The easiest way to secure sensitive data is to not have any in the first place. Of course, that's not a realistic option. Therefore, IT professionals must devise a strategy based on best practices to secure data at rest, in use and in motion.
Information theft, which Accenture called "the most expensive and fastest rising consequence of cybercrime" in its 2019 Cost of Cybercrime Study, is the primary reason for organizations to pay attention to how they protect data. Stolen data can be used for identity fraud, corporate or government espionage and a lure for ransomware.
Midsize and small organizations are attractive targets for information theft because they often don't have sophisticated data security policies and tools in place. Smaller organizations might also bristle at the cost of security tools or policy enforcement, but the risk of a major data loss to information theft should be justification for the resources -- both budget and staff -- to protect data.
While midsize and small organizations are attractive targets, that doesn't mean larger enterprises are immune. They too must ensure the proper budget and staff are allocated toward information security.
Additionally, where organizations used to spend a large amount of time identifying and mitigating external threats, internal threats now require equal resources -- Verizon's 2019 Data Breach Investigations Report revealed 30% of data breaches are due to insider theft or negligence.
Then, once a company has committed to the necessary resources, its next step is to develop a strategy to monitor and secure data at rest and in motion.
Securing sensitive data at rest
To best secure data at rest, organizations must know where all sensitive data resides and how to classify it. Companies need processes in place to limit the locations where sensitive data is stored, but that can't happen if they aren't able to properly identify the critical nature of their data.
Data classification methods will vary from one organization to the next. It is important, however, that various business department leaders assist in assessing and ranking which applications and data are considered most critical from a business continuation perspective. For example, if an application drives revenue or supports it in some way, it's likely vital to the livelihood of the business and should be considered critical.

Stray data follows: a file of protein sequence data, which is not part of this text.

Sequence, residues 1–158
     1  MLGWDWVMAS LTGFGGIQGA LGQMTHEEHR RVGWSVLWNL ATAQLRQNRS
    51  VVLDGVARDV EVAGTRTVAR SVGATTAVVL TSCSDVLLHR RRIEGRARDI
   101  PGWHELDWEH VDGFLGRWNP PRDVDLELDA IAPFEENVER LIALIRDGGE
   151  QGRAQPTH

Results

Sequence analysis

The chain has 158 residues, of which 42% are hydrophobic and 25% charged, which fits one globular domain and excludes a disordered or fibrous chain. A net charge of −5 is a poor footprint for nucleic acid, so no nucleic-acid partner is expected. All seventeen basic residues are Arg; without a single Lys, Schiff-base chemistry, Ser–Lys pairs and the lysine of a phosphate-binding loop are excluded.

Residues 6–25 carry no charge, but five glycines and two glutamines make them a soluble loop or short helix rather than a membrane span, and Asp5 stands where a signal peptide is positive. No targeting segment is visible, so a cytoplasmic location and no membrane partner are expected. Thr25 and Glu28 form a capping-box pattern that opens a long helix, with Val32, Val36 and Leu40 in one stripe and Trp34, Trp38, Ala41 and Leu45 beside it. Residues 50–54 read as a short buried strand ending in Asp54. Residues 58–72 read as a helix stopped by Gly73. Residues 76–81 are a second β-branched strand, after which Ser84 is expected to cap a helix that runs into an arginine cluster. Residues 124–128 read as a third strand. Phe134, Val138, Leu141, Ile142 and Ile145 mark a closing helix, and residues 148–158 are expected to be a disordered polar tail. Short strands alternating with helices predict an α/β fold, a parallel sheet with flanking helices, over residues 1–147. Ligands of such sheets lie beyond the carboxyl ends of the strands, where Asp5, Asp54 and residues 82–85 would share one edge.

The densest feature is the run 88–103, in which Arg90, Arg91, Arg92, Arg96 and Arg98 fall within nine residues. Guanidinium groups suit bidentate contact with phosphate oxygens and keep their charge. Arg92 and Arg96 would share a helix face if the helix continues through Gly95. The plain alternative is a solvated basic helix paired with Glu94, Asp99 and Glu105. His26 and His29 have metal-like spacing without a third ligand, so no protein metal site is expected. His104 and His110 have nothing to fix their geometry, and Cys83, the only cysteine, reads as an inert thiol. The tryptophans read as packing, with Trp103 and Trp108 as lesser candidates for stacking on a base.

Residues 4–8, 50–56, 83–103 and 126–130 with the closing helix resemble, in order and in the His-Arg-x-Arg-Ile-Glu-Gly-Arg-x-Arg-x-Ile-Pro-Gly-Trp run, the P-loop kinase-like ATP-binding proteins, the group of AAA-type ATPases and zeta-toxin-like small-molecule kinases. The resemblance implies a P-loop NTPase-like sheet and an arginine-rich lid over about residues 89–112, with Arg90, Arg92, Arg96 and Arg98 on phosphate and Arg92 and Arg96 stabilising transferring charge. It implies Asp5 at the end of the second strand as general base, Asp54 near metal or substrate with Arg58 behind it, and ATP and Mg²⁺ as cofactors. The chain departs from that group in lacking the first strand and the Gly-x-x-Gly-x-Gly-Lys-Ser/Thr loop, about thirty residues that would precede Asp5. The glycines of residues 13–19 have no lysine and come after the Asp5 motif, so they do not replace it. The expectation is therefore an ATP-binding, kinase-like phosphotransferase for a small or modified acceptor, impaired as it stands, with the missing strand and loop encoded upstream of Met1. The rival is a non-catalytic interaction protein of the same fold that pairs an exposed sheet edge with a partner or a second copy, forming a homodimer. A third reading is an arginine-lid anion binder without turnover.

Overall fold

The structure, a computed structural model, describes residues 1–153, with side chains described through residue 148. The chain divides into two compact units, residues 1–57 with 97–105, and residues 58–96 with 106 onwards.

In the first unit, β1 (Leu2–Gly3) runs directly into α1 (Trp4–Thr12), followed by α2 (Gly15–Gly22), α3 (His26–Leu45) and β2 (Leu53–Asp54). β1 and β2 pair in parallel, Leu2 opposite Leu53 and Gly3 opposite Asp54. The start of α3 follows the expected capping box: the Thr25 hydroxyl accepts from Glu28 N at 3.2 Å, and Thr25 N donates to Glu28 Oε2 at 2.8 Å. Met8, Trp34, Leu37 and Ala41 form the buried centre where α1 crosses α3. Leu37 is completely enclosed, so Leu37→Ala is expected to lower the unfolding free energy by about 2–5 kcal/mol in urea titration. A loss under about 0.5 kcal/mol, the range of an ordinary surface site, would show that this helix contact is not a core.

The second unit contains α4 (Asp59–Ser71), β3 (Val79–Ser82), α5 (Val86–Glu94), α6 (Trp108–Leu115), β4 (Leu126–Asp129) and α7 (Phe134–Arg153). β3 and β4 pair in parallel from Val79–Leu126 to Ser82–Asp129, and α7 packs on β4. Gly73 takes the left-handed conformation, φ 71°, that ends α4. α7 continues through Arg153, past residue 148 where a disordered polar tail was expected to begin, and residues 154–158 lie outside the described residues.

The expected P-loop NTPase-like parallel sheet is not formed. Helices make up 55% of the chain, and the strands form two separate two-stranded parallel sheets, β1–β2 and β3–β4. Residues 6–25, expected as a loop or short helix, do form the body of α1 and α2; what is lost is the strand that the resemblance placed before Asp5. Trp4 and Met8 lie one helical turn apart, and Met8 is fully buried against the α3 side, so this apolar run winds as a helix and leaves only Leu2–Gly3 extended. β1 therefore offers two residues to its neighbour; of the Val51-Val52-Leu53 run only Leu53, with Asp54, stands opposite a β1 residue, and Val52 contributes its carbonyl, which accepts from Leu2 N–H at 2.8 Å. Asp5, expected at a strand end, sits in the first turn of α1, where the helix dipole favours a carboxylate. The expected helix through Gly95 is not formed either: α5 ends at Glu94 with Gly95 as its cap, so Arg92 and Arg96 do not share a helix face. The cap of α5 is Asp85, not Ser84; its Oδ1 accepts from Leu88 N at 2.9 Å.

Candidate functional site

Classification is a dynamic process that requires companies to constantly reevaluate sensitivity levels and readjust data protection levels accordingly. For instance, if data that was once labeled low risk or not sensitive for the organization is suddenly reassessed at a higher risk, if and how the data is encrypted will change. This not only includes the process of encryption, but also policy that helps manage encryption keys so they aren't accidently stolen or leaked.
Some IT administrators may be concerned with encryption's potential performance degradation. This shouldn't prevent enterprises from reaping the security benefits encryption offers. Plus, there are plenty of ways to get around performance issues, such as the selective encryption of database fields, rows and columns versus encrypting all data regardless of sensitivity.
Remember, data at rest is only as secure as the infrastructure that supports it. The proper patching of servers, network hardware, and software on premises and in the cloud is also critical to keeping data secure. Continuously monitoring internal and external threats attempting to access data at rest is another great way to keep an eye on infrastructure. Also, employees that have access to business-critical information should be trained to understand the importance of securing data at rest to prevent data loss.
Securing sensitive data in use and in motion
Protecting data at rest is far easier than protecting data in use -- information that is being processed, accessed or read -- and data in motion -- information that is being transported between systems.
The best way to secure data in use is to restrict access by user role, limiting system access to only those who need it. Even better would be to get more granular and restrict access to the data itself.
This can be accomplished by only enabling access to specific data sets and fields or through the obfuscation of data not needed prior to analysis in other applications. The use of metadata, as opposed to raw data, can also help prevent sensitive information from leaking.
Encryption plays a major role in protecting data in use or in motion. Data should always be encrypted when it's traversing any external or internal networks. This includes encrypting all data prior to transport or using protected tunnels, such as HTTPS or SSL/Transport Layer Security. Encrypted tunnels, such as VPNs and Generic Routing Encapsulation, are also potential options.
One final tip to secure data in use or in motion is to provide proper visibility for breach detection purposes. Advancements in AI security tools that ingest network telemetry data and then analyze it to spot anomalies in data access behavior can identify threats, determine the extent of damage and provide actionable insights on how to stop further data loss. Modern AI and security analytics tools, such as network detection and response and AI for IT operations platforms, are great ways to gain the proper level of visibility without requiring large amounts of time from an administrative perspective.